Part two of the book (pp. 103-394) consists of a detailed catalogue. Here, in alphabetical order, the fortifications of 19 Arkadian poleis are treated. Maher presents the location of the settlement and then its “polis status” (in ancient sources like literature or inscriptions). Reflections on the history of the place, the local topography, and its natural protections follow. Then come sections on the fortifications: type, preservation, construction, and tactical components (towers, gates, and citadel), followed by a commentary and bibliography with the ancient and modern literature on the site. A supplemental appendix provides brief descriptions of 14 other settlements where fortifications are no longer visible, the identification is uncertain, or the status as a polis is uncertain. The individual catalogue entries are complemented by topographical maps, plans and few, but exemplary, photographs of the masonry. A detailed bibliography and an index complete the book.

With this book, Maher presents a regional study of ancient fortifications. The regional approach seems to me appropriate: regional similarities can be compared with fortifications from other regions, as, for example, Frederiksen does. More regional studies of fortifications are needed. 5 Although Maher’s book is intended for experts, it can also introduce others to the subject of fortifications. Chapters 2-4 provide a good summary of the main literature on fortifications and tactical elements to those new to the subject and thus are not only useful for readers interested in Arkadia—but they do not bring anything new. One might have wished for a few more pictures, especially in the catalogue. The literature on general research on fortifications mentioned in the introduction should be supplemented by the publications that have emerged from the work of the “Fokus Fortifikation” Network,6 the omission of which may be due partly to the overlap of those publications and the printing of the present work. That is a pity because the Fokus Fortifikation publications provide the basics for a (supraregional) view of the fortifications themselves (origins, evolution, building technique) and how fortifications can be explored practically (documentation, interpretation)—themes Maher also tackles.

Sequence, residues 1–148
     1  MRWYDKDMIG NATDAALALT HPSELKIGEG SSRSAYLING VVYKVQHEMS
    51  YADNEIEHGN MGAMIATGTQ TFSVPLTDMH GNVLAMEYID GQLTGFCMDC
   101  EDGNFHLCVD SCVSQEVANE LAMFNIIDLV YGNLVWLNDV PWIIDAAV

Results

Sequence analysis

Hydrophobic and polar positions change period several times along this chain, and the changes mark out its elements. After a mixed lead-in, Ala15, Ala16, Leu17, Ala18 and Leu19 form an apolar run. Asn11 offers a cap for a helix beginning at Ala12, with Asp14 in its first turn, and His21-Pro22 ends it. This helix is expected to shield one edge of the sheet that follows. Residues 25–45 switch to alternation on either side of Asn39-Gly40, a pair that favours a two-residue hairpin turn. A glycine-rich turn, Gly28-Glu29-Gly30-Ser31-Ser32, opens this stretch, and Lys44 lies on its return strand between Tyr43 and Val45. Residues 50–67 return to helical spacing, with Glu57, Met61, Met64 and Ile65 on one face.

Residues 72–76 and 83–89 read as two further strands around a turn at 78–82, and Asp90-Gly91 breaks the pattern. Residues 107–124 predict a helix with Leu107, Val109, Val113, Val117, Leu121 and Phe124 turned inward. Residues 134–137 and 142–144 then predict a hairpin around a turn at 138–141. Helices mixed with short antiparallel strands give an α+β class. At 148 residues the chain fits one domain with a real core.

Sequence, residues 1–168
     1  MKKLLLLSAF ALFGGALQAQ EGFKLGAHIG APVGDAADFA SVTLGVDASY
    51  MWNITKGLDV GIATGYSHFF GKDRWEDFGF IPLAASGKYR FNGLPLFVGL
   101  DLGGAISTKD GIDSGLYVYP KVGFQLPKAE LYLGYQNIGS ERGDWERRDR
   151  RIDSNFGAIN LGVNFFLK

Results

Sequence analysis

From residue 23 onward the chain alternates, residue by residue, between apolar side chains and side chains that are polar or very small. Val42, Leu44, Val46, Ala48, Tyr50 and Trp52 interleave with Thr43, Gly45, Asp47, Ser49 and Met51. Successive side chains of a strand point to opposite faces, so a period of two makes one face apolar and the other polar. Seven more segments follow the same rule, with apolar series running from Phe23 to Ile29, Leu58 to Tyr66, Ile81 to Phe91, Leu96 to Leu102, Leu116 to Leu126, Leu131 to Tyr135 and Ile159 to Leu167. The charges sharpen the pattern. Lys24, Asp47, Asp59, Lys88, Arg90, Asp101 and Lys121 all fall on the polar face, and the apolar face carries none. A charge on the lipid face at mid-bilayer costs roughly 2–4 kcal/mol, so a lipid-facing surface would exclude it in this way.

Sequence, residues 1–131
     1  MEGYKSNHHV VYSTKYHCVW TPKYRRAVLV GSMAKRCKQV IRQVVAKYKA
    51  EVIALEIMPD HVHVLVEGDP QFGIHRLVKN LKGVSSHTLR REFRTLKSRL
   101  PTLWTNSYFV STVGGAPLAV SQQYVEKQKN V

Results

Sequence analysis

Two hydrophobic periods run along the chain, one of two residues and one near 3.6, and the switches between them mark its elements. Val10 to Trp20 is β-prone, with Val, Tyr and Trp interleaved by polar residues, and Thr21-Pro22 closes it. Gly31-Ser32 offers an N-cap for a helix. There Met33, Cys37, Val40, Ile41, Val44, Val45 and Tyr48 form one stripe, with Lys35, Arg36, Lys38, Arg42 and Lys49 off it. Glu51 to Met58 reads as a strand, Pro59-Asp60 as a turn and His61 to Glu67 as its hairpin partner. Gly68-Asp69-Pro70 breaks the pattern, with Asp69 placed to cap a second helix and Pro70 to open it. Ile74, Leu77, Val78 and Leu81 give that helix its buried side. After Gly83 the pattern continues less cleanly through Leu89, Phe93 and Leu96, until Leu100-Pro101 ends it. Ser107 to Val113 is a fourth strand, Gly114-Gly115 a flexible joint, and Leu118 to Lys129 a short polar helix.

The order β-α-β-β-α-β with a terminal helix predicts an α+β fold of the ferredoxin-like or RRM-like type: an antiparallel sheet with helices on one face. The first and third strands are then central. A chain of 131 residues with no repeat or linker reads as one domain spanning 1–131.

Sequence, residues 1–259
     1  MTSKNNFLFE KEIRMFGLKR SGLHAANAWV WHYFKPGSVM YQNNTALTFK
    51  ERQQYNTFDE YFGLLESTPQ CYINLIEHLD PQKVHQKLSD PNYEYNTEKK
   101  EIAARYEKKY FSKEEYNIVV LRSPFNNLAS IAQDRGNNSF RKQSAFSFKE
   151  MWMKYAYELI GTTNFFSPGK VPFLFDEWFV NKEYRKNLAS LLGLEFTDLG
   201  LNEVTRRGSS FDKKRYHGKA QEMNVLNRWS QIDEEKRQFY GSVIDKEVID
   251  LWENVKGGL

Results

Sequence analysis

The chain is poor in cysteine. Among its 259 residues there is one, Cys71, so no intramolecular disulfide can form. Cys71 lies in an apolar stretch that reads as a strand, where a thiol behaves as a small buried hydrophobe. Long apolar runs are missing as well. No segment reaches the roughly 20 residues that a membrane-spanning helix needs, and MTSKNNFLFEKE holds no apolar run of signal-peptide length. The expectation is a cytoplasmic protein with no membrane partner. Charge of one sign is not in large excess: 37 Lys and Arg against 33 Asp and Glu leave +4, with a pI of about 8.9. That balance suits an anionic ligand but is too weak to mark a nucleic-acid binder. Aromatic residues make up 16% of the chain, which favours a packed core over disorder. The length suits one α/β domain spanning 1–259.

In summary, Maher's book offers not only an illustrative compilation of the fortifications of Arkadian poleis with a structured catalogue, but also a good introduction to ancient fortifications.


Notes:


1.   His types are “roughly equivalent” (p. 32) to designations of other scholars, which raises the question why Maher did not use existing categories. For typologies, see R. Frederiksen, Greek City Walls of the Archaic Period, Oxford Monographs on Classical Archaeology (Oxford 2011), pp. 50–53.
2.   He mentions "Lesbian masonry", but since it is rarely represented outside of the Aeolian and Ionic sphere of influence, "this category needs not concern us here" (p. 39).
3.   Frederiksen, Greek City Walls of the Archaic Period, p. 69.
4.   In the case of those acropolis-type fortifications, no other type of gate was possible because of natural conditions.
5.   I myself dealt in my dissertation with the fortifications of the Carian Chersonese; the publication is in preparation.
6.   J. Lorentzen, F. Pirson, P. I. Schneider, U. Wulf-Rheidt (eds.), Aktuelle Forschungen zur Konstruktion, Funktion und Semantik antiker Stadtbefestigungen. Kolloquium 9./10. Februar 2007 in Istanbul. Byzas 10 (Istanbul 2010); S. Müth, P. Schneider, M. Schnell, P. De Staebler (eds.), Ancient Fortifications: A Compendium of Theory and Practice (Oxford, 2016); R. Frederiksen, S. Müth, P. I. Schneider, M. Schnelle (eds.), Focus on Fortifications: New Research on Fortifications in the Ancient Mediterranean and the Near East. Papers of the Conference on the Research of Ancient Fortifications, Athens 6–9 December 2012. Fokus Fortifikation Studies 2, Monographs of the Danish Institute of Athens 18 (Oxford, 2016).

Read comments on this review or add a comment on the BMCR blog

Home
Read Latest
Archives
BMCR Blog
About BMCR
Review for BMCR
Commentaries
Support BMCR

BMCR, Bryn Mawr College, 101 N. Merion Ave., Bryn Mawr, PA 19010